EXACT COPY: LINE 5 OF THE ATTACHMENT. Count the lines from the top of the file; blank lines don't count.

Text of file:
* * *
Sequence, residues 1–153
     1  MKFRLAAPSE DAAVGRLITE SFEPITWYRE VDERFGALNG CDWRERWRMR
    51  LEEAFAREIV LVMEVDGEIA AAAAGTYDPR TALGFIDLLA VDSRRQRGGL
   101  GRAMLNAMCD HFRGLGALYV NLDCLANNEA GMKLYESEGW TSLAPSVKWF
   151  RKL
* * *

   151  RKL